New York Natural Heritage Program
Striped Coralroot
Corallorhiza striata var. striata
Monocots
Corallorhiza striata plants in flower Don Leopold
Family: Orchid Family (Orchidaceae)

State Protection: Endangered
listed species are those with: 1) 5 or fewer extant sites, or 2) fewer than 1,000 individuals, or 3) restricted to fewer than 4 U.S.G.S. 7 minute topographical maps, or 4) species listed as endangered by U.S. Department of Interior.

Federal Protection: Not Listed

State Rarity Rank: S1
A State Rarity Rank of S1 means: This plant is endangered/critically imperiled in New York because of extreme rarity (typically 5 or fewer populations or very few remaining individuals) or is extremely vulnerable to extirpation from New York due to biological factors.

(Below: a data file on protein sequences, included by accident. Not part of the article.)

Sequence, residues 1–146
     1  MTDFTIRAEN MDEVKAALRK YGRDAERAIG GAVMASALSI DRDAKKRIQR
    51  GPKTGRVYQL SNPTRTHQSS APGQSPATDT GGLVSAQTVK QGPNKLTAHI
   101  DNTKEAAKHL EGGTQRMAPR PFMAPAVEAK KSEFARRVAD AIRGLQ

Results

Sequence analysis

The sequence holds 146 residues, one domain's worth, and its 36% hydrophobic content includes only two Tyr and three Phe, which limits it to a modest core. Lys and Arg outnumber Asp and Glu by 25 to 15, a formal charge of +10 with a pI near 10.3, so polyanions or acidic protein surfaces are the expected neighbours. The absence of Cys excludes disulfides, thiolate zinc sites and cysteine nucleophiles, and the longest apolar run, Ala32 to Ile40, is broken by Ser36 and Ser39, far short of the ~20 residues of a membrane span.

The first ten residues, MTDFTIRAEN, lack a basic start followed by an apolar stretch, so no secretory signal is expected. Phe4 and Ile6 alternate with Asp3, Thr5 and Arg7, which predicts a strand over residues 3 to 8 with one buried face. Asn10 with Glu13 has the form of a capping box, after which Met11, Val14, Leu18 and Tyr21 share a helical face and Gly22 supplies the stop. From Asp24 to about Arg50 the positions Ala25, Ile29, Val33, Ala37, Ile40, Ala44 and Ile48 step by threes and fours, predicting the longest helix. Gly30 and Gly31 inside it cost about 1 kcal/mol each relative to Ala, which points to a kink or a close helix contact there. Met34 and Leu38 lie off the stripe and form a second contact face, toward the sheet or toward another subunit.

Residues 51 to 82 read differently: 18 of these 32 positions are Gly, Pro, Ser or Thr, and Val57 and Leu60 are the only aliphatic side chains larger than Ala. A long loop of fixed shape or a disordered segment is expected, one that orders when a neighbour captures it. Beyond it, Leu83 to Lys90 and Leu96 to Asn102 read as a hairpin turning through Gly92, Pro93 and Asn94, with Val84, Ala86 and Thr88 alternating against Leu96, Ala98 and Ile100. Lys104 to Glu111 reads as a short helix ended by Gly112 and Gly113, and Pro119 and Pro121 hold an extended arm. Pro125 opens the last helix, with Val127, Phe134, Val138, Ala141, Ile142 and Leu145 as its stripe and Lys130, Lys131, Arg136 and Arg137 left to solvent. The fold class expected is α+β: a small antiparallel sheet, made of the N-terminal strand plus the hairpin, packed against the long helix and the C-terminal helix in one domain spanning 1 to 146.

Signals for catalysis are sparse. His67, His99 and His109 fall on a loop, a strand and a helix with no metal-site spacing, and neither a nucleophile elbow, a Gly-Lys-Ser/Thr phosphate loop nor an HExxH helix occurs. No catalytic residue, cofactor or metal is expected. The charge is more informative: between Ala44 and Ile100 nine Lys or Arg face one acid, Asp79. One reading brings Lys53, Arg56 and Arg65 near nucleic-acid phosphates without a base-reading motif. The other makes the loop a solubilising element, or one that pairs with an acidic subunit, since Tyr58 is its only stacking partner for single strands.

Global Rarity Rank: G5T5
A Global Rarity Rank of G5T5 means: Secure globally - Both the species as a whole and the subspecies/variety are common in the world; widespread and abundant (but may be rare in some parts of its range).


Did you know?
These orchids are almost totally devoid of chlorophyll and are dependent on fungi infecting their roots to gather nutrients from the surrounding organic matter. The jointed, coral-shaped roots gives this group of orchids their name. The alternate name fever root comes from its use in herbal medicine to reduce fever.

State Ranking Justification [-]
Currently, there is only one known population and three historical populations. This plant has always been rare in New York. While this is one of the more showy coral-root species, limited surveys in wetland habitats and a short flowering period may indicate that this species is somewhat overlooked.

Short-term Trends [-]

Long-term Trends [-]